Struct pointing on each other


#1

In C, it happens often that 2 structs keep pointer on each other.

How to do something similar in rust ? Here is code example. I would like to keep a pointer on server in my client struct to be able to get information from the server.

struct Server {
    id: u32,
    clients: Vec<Client>,
    next_client_id: u32,
}

impl Server {
    fn new() -> Server {
        Server {
            id: 0,
            clients: Vec::new(),
            next_client_id: 1,
        }
    }

    fn new_client(&mut self) -> Client {
        let client = Client{
            id: self.next_client_id,
        };
        self.next_client_id += 1;
        return client;
    }
}

struct Client {
    id: u32,

    // How to keep pointer on Server ?
}

impl Client {
    fn process_req(&self) {
        //I need the server ID here. How can I obtain it ?
    }
}

fn main() {
    let mut server = Server::new();
    let client = server.new_client();

    client.process_req();
}

Side question : How to paste code and see it as code and not as simple text ? Some part is code, other is not, why ?


#2

Surround code with 3 backticks (``` code here ```) or [code] code here [/code] markup.


#3

It’s easiest if you use Rc/Arc for 2-way relationships. You can’t use references for this unless one strictly and obviously always outlives the other.

Consider also not keeping the other pointer, and e.g. passing it as an argument to functions.

There’s an article that goes way too deep into why you can’t just use C-like pointers and have safety guarantees at the same time: http://cglab.ca/~abeinges/blah/too-many-lists/book/


#4

As @kornel mentioned, you don’t want to do this in Rust - it’s going to give you nothing but grief.

To share state, you externalize the state and share that via Rc/Arc. So for example with your code:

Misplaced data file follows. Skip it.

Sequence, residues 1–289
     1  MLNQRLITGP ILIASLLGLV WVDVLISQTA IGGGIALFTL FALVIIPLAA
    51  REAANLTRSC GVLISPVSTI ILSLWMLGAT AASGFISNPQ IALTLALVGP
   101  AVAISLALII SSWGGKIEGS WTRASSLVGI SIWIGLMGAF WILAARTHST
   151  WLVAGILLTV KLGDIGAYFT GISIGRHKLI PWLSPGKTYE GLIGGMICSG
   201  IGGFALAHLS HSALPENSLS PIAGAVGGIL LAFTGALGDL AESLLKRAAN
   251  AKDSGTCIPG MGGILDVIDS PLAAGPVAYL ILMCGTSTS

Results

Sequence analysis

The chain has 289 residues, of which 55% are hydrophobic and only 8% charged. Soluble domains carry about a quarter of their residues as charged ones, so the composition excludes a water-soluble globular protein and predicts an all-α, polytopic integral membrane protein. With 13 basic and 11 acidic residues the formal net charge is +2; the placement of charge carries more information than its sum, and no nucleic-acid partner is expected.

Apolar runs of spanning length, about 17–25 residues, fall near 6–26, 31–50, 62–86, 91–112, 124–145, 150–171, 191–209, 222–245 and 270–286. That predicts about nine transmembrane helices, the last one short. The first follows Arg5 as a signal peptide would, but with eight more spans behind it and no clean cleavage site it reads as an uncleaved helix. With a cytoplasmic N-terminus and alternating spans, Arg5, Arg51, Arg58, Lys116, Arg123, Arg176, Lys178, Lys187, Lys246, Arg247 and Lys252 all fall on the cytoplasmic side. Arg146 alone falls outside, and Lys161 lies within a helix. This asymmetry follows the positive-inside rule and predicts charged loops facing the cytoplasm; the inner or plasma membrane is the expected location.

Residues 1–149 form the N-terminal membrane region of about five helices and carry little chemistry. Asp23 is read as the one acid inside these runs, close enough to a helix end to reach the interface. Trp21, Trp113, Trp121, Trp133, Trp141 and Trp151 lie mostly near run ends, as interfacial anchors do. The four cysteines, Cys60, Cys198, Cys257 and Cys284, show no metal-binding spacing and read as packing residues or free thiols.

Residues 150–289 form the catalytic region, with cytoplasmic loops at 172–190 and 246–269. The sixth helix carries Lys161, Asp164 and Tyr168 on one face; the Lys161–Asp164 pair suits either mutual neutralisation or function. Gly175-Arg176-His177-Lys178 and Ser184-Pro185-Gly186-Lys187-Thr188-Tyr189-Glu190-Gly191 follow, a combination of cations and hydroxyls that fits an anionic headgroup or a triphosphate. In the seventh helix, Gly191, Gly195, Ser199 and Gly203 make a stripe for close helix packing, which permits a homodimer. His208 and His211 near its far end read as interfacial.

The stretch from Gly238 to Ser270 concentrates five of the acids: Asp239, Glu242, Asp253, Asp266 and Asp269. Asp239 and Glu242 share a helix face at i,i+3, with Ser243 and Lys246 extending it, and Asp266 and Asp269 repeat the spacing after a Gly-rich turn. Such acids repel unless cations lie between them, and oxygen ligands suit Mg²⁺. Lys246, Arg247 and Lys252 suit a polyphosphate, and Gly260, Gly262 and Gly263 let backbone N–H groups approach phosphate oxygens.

use std::rc::Rc;

struct Server {
    id: u32,
    clients: Vec<Client>,
    next_client_id: u32,
    shared: SharedState,
}

impl Server {
    fn new() -> Server {
        Server {
            id: 0,
            clients: Vec::new(),
            next_client_id: 1,
            shared: Default::default(),
        }
    }

    fn new_client(&mut self) -> Client {
        let client = Client {
            id: self.next_client_id,
            shared: self.shared.clone(),
        };
        self.next_client_id += 1;
        return client;
    }
}

#[derive(Clone, Default)]
struct SharedState {
    inner: Rc<Inner>,
}

#[derive(Default)]
struct Inner {
    // shared stuff here
}

struct Client {
    id: u32,
    shared: SharedState,
}

impl Client {
    fn process_req(&self) {
        // have access to shared state here
    }
}

fn main() {
    let mut server = Server::new();
    let client = server.new_client();
    client.process_req();
}

Server and Clients share ownership of SharedState. If you need to mutate the shared state, then you will need to wrap it in a RefCell (for single threaded) or a Mutex (multithreaded concurrent access). This is a common technique you’ll see often for long-lived objects.